It’s lonely at the top

Most CEOs will tell you it’s lonely at the top. I was one, and it was.

I recently read the book Managing Change by Jick and Peiperl. In it, they reproduced a speech by Bob Galvin, the recently deceased former chairman and CEO of Motorola, during what might be described as Motorola’s heyday. Here’s an excerpt:

“When one is vested with the role of the leader, he inherits more freedom. The power of leadership endows him with the rights to a greater range of self-determination of his own destiny. It is he who may determine the what or the how and the when or the where of important events. Yet, as with all rights, there is a commensurate, balancing group of responsibilities that impose upon his freedom. The leader cannot avoid the act of determining the what or the who and the where. He cannot avoid being prepared to make these determinations. He cannot avoid being prepared to make these terminations. He cannot avoid living with the consequences of his decision on others and the demands the consequences impose on him. Only time will prove the merit of his stewardship. Because he is driven to pass this test of time, he will be obliged often to serve others more than himself. This obligation will more and more circumscribe his destiny. So those who assume true leadership will wonder from time to time if the apparent freedom of the leader adds a greater measure of independence, or whether the dependence of others on him restricts his own freedom.”

Many look at CEOs and say, “You lucky bastard …” because they’re often very well- compensated and may appear to be “masters of the universe.” Many have a good deal of self-confidence, which is sometimes envied and sometimes despised. However, as Galvin eloquently describes, true leadership comes with many obligations and can be quite lonely.

At one point in my life, I was in charge of a 7,000-person organization with $500 million in revenue. It was lots of fun and extremely challenging. However, I wasn’t the CEO. My first stint as a CEO was in a 30-person, private-equity-backed turnaround situation. The CEO stint should’ve been less demanding and easier because it was a much smaller organization. It wasn’t. As CEO, you realize (to quote Harry Truman) that “the buck stops here.” A lonely spot.

What’s the antidote to this loneliness? Four steps.

1. Mentally create a successful leadership model to work toward. There are many leadership models, but one of the most simple and effective is from Warren Bennis’ article “The Four Competencies of Leadership.” I’ve used this model to successfully advise many senior leaders. The four competencies are attention, meaning, trust and self. To lead others to success, you must have their attention, have winning ideas, gain their trust and be emotionally intelligent.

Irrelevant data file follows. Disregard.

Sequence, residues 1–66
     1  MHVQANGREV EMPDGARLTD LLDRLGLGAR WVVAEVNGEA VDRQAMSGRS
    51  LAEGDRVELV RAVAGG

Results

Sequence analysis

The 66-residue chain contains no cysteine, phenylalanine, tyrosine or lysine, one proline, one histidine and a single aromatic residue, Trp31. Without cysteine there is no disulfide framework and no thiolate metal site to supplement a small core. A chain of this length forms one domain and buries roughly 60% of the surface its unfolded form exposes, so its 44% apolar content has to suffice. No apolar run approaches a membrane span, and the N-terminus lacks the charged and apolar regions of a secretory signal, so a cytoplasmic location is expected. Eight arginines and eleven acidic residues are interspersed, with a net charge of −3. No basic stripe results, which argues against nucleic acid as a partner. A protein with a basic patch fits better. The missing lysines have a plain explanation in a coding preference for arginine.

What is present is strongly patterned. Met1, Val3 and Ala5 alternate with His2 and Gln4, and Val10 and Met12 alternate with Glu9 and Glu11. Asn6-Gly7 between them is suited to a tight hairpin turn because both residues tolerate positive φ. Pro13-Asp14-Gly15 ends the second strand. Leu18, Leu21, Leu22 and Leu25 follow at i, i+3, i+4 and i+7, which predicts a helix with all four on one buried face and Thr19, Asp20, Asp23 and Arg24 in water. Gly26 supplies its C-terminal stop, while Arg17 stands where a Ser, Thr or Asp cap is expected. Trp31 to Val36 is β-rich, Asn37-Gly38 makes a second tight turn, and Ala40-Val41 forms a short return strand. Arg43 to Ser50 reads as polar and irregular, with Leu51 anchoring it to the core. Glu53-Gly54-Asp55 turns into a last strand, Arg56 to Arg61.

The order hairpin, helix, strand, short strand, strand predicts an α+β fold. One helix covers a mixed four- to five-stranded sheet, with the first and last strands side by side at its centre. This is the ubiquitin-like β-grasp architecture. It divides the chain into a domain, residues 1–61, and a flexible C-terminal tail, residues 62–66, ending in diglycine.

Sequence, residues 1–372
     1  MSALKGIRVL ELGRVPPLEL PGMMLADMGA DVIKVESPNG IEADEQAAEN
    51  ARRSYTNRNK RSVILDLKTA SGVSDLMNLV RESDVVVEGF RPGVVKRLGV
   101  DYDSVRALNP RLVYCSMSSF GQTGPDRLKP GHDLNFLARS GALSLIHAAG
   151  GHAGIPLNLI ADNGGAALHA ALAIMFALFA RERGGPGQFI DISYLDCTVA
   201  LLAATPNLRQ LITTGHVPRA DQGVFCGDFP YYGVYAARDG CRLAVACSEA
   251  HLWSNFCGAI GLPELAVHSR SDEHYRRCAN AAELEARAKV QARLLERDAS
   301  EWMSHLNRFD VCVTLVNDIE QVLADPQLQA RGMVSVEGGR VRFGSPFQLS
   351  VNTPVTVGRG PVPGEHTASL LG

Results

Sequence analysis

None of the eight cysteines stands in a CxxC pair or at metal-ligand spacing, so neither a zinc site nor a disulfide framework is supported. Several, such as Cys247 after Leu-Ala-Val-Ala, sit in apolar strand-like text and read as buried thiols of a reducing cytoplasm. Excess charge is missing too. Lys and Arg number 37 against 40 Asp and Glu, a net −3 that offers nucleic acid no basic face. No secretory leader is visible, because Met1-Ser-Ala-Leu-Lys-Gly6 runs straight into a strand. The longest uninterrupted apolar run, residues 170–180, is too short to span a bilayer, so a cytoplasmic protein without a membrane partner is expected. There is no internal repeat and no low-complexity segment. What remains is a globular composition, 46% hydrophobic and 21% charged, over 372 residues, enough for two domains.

2. Get help. To avoid breathing your own exhaust all day, you need a truth-talker. You won’t likely find this person on your staff. It could be a mentor, a group of advisers, a coach or a peer. You need someone who has your best interests at heart but who’s also kind enough to call baloney when he/she sees it, applaud your success and be honest at the risk of offending you.

3. Develop healthy self-esteem. Your successes will be due to your effort, many others’ effort and a bit of luck. Your failures, and you’ll have many, will be attributable to the same list. In other words, lots of things happen to cause failures, and you’re only one of them. It doesn’t mean you’re incompetent.

4. Lead collaboratively. You don’t have to be the smartest guy in the room; engage others in your quest for success. Led well, a team of people has a cumulative IQ that’s much higher than the sum of the individuals.

As Galvin points out, effective leaders cannot avoid determining the organization’s direction, making the tough decisions and living with the consequences. They can, however, avoid taking the lonely road.

Categories: Management & Leadership